5. This last manifestation of pride has a lot of acceptance in this world: being offended. Let me be clear. Christians cannot be offended. Plain and simple, you and I have NO right to be offended. My friend, who stabbed me in the back, sinned against God. Yet it was manifested to me. But he won’t stand before me on judgment day. He will stand before the Lord. As his friend, I’m willing to show grace, mercy, and love because I want my friend to have peace with the Father. Being offended is a siren and warning light for myself. It tips me off to the reality that I am a prideful person and obviously expect others to consider me above all other factors (including the Lord). Yes, people are going to do offensive things on earth. But that’s what sinners do. Rather than being offended, realize reality and minister to them. Please show them the grace and mercy the Father shows us! Show them how great He is to reconcile people who offend Him!

The Peacemaker’s DNA

Pride gets in the way of being a peacemaker. A peacemaker has godly convictions. What convictions?

  1. He or she understands the Gospel and forgiveness. What did we do to gain forgiveness? NOTHING. Why do we make forgiveness contingent on another’s fitting the right context or situation? God forgives us because of Christ who loves us first. The Gospel is God loving rebellious children and rescuing us from the wrath to come based on His own kindness. Through Christ we have forgiveness. Forgiveness is the Lord choosing not to bring back up our actions against us. The Lord forgives every time we ask. He is faithful and just to forgive us of our sins and cleanse us from all unrighteousness. There isn’t a line with Him. The peacemaker knows how much he’s been forgiven and seeks to be the same with others.
  2. He exhibits God’s love for us. This is another side to the Gospel. The Lord’s love is not contingent on or responsive to us. Humans often love as a response. God creates love. The Lord loves us first. He creates love for rebellious children who do not naturally want His love. The Lord doesn’t wait for us to finally meet all the criteria to show us grace and forgiveness. He confronts us, shows us grace, and provides forgiveness. Our God seeks peace. Then He asks us to reflect and exhibit His actions towards other people, especially those we’ve wronged or have wronged us.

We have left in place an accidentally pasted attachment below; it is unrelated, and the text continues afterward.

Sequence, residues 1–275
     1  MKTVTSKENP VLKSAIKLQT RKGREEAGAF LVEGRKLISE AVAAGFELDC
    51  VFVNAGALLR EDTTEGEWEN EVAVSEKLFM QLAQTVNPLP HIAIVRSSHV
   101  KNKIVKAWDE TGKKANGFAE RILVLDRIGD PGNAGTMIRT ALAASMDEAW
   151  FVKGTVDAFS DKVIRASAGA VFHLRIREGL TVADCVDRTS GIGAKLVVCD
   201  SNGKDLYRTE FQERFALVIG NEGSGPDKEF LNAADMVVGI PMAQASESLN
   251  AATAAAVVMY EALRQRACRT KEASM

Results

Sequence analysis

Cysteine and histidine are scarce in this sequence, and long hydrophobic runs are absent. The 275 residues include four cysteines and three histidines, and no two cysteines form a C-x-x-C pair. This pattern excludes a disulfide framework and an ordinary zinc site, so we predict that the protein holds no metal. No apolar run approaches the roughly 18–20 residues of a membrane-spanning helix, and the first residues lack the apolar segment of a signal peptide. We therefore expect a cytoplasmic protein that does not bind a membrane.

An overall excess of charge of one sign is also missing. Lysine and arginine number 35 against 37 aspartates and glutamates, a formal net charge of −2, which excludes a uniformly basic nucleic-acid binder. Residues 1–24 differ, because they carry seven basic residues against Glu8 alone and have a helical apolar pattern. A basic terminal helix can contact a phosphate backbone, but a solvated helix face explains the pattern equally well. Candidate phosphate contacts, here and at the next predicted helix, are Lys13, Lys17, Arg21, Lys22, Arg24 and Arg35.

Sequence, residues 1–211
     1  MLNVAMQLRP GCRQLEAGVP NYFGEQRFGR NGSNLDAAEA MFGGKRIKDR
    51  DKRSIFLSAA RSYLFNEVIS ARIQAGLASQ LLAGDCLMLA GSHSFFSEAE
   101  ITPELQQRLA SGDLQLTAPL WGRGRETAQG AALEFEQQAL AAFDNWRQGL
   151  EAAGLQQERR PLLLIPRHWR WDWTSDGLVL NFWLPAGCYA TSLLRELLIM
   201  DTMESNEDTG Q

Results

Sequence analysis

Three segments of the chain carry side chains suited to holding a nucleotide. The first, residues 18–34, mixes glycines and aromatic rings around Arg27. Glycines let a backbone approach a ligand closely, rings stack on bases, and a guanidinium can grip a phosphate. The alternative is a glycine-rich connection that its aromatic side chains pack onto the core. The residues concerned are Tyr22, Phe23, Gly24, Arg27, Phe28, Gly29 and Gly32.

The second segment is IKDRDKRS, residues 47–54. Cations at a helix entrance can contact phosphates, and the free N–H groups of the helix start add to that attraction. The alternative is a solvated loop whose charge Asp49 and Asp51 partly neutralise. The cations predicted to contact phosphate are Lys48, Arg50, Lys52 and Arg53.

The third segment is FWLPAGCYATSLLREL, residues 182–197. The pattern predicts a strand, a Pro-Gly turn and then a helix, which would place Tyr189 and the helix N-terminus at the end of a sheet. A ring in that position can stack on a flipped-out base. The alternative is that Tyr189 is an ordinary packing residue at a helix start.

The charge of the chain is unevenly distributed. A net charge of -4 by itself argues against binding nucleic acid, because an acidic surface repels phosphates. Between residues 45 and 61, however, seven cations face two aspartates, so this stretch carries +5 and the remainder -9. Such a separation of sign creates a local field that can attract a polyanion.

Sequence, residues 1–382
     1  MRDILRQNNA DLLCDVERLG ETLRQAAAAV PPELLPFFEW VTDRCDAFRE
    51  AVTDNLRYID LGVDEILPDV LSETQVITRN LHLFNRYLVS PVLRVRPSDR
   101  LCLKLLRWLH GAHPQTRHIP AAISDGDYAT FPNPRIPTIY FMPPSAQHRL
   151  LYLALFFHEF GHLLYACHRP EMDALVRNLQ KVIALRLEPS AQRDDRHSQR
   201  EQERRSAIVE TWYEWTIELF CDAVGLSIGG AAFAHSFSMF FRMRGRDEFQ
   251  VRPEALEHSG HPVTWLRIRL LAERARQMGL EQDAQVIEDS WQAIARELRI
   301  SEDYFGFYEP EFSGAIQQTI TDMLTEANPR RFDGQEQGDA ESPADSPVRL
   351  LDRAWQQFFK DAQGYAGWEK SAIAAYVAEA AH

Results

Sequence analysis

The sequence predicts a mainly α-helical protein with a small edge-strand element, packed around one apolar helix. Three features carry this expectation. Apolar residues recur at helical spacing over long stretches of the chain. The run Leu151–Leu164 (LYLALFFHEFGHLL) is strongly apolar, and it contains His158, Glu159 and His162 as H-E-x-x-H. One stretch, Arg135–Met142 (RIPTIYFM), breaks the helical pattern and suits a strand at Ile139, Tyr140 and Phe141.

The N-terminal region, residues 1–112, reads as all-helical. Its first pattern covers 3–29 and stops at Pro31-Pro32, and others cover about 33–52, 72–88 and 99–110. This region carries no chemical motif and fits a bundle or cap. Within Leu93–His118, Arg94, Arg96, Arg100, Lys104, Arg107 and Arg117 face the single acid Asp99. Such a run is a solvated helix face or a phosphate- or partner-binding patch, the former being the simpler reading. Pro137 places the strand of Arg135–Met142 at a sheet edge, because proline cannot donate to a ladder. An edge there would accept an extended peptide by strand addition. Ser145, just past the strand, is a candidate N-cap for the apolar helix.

3. Humility. If pride is the problem, then humility is the learned solution. The humble person realizes who he is before the Lord and therefore draws from the Lord. The humble man knows his own disposition and therefore cannot draw lines. God does not draw lines telling us if we cross it then He will no longer be forgiving. The Gospel doesn’t create these kinds of lines, neither can we.
  4. The Son makes peace with us. At the end of the day, the Lord made peace with us. Why can we not then make peace with others? In our rebellion, He rescued us. Maybe instead of digging in, we should just confess our sin and ask forgiveness? Maybe doing this will be an avenue to open the door to someone’s salvation because we exhibited a love divine. God’s love is sweet to His children. It’s attractive, comforting, hopeful, and peaceful. It spurs me on and strengthens long-suffering. Seek peace because you love people and want them to be at peace with the Father.

The most horrible stories in the church are those of splits, rejection, turned backs, and division. At no level does this represent our Lord’s forgiveness to us. The greatest stories in the church are those rated X for sinfulness (all sins are rated X by the way) but reconciled by peacemakers. To see two friends with a troubled past love each other encourages our soul. It reflects the same love our Father in heaven shows us.

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About Jason Vaughn

Jason is a graduate of the Master's Seminary and the pastor of Cornerstone Las Vegas, a Grace Advance church plant. He loves Christ, his wife Kyla, sometimes his kids :), the church, missions, people, and coffee. You can also follow his podcast at